Framing Cardiovascular Health for Rural Populations: Community, Innovation, Evidence-Based Practice, and Technology

Abstract

Cardiovascular disease (CVD) is the leading cause of death in the United States. More than twice as many deaths occur due to cardiovascular disease as for all types of cancers combined. Nationally, every year approximately 16 million cases of coronary heart disease are reported (AHRQ, 2005). In 2005 the total cost for all forms of CVD was an astounding $448.5 billion. Furthermore, CVD is associated with many forms of chronic illness which add to the cost and decrease quality of life (AHRQ, 2005).
For these reason CVD has received much attention in health research and health policy arenas (Krumholz et al., 2009; Peterson et al., 2007; Yusuf, Reddy, & Anand, 2002). Findings from studies indicate an overall reduction of heart disease risk and mortality in the past three decades (AHA, 2005). While the amount of research noted throughout the literature is overwhelming and heart disease mortality has fallen, heart disease continues to be the single largest killer of men and women in the United States with continuing evidence of variations and disparities that are yet unexplained.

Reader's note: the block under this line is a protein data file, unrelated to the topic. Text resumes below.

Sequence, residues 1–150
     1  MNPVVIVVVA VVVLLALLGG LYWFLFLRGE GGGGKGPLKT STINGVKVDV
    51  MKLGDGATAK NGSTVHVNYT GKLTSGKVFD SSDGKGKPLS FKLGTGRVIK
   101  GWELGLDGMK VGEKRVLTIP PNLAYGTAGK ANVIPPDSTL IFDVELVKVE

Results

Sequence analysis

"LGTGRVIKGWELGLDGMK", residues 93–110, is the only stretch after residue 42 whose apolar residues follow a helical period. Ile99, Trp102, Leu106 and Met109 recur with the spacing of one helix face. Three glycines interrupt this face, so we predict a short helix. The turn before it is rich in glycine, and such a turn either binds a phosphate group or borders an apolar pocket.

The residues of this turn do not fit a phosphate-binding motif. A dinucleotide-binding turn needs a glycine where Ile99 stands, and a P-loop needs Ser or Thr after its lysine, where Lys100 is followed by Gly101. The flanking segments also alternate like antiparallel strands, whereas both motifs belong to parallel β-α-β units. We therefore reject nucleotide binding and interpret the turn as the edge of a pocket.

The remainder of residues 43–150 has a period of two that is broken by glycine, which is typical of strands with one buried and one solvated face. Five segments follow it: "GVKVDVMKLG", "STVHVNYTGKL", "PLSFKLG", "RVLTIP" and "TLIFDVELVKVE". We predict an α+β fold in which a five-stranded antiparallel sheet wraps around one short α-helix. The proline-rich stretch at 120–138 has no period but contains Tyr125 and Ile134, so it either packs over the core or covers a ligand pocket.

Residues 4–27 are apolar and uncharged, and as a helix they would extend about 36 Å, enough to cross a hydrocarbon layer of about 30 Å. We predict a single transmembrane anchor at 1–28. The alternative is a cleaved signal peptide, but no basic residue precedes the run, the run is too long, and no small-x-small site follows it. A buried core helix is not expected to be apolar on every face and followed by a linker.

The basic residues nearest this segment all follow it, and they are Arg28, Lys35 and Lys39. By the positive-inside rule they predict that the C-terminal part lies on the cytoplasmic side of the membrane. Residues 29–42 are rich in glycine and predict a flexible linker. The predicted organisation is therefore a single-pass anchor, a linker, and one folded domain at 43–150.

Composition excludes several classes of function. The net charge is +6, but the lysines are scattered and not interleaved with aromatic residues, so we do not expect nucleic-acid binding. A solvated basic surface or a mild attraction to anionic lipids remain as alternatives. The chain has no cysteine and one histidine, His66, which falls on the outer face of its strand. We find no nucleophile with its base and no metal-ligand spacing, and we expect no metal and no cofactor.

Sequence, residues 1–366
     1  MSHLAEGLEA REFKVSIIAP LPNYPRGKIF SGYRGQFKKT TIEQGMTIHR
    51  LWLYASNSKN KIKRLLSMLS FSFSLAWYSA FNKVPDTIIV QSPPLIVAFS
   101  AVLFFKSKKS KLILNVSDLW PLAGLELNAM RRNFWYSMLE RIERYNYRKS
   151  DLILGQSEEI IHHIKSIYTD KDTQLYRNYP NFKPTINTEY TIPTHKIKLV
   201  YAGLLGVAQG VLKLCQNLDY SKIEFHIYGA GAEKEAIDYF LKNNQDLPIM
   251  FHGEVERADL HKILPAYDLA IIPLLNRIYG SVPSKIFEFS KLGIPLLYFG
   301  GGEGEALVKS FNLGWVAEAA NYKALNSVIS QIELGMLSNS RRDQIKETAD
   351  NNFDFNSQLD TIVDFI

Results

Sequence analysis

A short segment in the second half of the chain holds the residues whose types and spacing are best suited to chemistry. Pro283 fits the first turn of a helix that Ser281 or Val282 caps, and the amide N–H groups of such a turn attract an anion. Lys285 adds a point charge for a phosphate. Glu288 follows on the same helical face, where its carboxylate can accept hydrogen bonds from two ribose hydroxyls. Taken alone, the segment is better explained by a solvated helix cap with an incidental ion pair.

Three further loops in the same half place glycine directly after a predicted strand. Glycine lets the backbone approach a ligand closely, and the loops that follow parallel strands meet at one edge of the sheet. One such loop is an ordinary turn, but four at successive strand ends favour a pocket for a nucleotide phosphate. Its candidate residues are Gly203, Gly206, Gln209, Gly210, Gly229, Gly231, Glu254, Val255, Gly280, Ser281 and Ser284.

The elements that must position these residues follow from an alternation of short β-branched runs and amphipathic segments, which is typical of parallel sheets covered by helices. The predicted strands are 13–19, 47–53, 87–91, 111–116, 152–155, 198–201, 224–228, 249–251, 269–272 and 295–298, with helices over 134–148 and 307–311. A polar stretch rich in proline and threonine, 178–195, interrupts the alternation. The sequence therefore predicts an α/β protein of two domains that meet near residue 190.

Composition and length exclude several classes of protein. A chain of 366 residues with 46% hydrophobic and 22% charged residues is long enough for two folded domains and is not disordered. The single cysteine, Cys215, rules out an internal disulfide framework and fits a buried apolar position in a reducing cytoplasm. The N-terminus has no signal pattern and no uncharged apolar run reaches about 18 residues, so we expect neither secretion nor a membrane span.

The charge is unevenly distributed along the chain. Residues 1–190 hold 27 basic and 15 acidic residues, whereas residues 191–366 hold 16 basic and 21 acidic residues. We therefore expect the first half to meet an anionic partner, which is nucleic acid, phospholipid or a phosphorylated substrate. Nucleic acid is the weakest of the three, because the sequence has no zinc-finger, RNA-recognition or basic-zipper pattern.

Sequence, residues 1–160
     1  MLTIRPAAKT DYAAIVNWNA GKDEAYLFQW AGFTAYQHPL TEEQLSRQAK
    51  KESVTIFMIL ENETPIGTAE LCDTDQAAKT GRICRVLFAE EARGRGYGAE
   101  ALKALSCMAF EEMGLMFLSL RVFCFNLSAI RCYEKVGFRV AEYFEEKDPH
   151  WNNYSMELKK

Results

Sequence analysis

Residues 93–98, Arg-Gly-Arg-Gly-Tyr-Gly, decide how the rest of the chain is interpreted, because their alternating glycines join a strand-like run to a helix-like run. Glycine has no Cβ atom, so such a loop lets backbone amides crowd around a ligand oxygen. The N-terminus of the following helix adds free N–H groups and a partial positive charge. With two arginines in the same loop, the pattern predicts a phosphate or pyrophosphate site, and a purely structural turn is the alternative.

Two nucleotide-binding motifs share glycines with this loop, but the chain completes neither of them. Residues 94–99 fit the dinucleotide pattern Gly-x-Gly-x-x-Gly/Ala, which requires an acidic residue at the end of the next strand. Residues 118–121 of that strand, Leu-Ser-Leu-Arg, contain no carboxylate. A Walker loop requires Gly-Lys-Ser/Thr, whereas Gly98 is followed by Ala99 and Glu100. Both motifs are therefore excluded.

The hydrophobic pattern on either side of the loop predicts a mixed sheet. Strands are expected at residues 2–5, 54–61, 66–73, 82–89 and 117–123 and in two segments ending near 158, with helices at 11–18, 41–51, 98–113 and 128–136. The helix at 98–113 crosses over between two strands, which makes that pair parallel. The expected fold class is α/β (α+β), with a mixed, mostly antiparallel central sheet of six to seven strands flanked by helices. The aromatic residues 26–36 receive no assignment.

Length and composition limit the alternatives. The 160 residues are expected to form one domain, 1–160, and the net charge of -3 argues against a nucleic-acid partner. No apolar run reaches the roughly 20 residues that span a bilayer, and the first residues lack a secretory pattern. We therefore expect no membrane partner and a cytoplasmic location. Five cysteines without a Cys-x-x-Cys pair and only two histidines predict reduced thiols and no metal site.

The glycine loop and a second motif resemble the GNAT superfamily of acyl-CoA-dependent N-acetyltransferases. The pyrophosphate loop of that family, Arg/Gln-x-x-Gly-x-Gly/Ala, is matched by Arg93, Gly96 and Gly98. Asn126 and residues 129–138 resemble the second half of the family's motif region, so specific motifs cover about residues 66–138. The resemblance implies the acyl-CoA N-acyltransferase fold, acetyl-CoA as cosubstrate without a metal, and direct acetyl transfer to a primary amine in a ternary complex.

https://doi.org/10.14574/ojrnhc.v9i2.80
PDF

Authors who publish with this journal agree to the following terms:

  1. Authors retain copyright and grant the journal right of first publication with the work simultaneously licensed under a Creative Commons Attribution License that allows others to share (for non-commerical purposes) the work with an acknowledgement of the work's authorship and initial publication in this journal.
  2. Authors are able to enter into separate, additional contractual arrangements for the non-exclusive distribution of the journal's published version of the work (e.g., post it to an institutional repository or publish it in a book), with an acknowledgement of its initial publication in this journal.
  3. Authors are permitted and encouraged to post their work online (e.g., in institutional repositories or on their website) prior to and during the submission process, as it can lead to productive exchanges, as well as earlier and greater citation of published work (See The Effect of Open Access).